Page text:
Top critical review
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Broad overview rather than practical guide
on 11 December 2012
While a book can never replace actual learning-by-doing an activity, one would expect a headline containing "Essential Skills & Techniques" to reflect a more thorough coverage than what I found in Libby Peter's work.
I bought the book after skimming through the many pages with great photos and apparently detailed descriptions. Also the many great testimonials, sponsorship/support by the BMC gave it some kind of greater credibility than all the other books on the market.
However, when I read it, I found the following quite frequently:
"...rock climbers do so and so, see picture 2.1, for more information please read another book..."
"...bouldering has fascinated many people, if interested check out the following website..."
"...this is such a great topic, but it is covered by another book of the series..."
In essence, a very broad summary with numerous references to external content. A kind of introductory index where one can start, but definitely not a comprehensive guide.
To be fair, I must say that some chapters like those covering different rope techniques contained more detail than others, but the majority of sections - e.g. getting ready, warming up, training, bouldering, indoor climbing, etc. - were completely superficial.
I found it almost sarcastic that the chapter on safety and hazards asks the reader to check an online database on mountaineering incidents, then simply explained how to organize a rescue, but said nothing about how to behave at the emergency itself, how to prevent dangers, how to actually move safely. A section with details on "Mountain First Aid" would have been useful.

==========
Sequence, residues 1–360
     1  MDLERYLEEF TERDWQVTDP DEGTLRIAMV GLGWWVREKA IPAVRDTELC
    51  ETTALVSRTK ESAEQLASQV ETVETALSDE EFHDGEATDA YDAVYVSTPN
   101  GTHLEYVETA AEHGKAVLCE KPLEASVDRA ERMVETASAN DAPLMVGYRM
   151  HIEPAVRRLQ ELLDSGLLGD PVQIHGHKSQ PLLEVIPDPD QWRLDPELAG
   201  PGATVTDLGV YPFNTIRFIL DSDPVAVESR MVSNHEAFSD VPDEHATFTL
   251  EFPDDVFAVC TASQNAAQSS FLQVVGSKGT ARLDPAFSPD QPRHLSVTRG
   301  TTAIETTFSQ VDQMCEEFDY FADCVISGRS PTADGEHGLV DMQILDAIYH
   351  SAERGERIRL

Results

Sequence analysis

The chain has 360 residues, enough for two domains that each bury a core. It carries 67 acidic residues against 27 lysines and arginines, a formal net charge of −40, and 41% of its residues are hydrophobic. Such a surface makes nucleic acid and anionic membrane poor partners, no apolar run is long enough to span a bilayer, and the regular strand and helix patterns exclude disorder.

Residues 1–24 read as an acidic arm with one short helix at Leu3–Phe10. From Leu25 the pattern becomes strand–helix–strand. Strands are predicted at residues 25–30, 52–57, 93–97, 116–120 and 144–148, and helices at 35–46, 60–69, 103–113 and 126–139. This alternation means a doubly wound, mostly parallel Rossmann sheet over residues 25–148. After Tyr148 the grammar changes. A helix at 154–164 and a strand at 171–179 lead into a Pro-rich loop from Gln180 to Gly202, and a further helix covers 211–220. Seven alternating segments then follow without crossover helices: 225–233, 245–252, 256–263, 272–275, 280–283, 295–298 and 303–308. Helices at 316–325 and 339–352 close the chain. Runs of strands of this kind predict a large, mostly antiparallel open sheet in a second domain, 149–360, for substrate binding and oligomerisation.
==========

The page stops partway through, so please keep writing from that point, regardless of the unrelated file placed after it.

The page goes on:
While everyone may not be interested in the history of climbing, calling a trite list of first ascents "the history" is a little bit ridiculous.
I found better information on all of those subjects searching Google and Wikipedia. Period.
It is a good and easy read, but I was looking for more.
I guess that since this book constitutes part of the official syllabus of mountaineering training (mountain leader, SPA, etc.), the majority of those who read this will find it more easy and obvious to use it as an index to accessible external content. However, as a novice to the field who would like to learn as much as possible about rock climbing and mountaineering, I was disappointed and felt I had not spent my money well.
To conclude on a positive note:
the pictures are really good, they also "tell more than words can do" (since the book literally doesn't have many...), and I also appreciated the fact that there was a nice chapter on rock climbing for disabled people. That was something very interesting, even though it was unrelated to my original intention.
If I could give a suggestion to the author: please add more content rather than telling people to buy other books.
As a next step, I guess I need to buy at least the other two books in the series.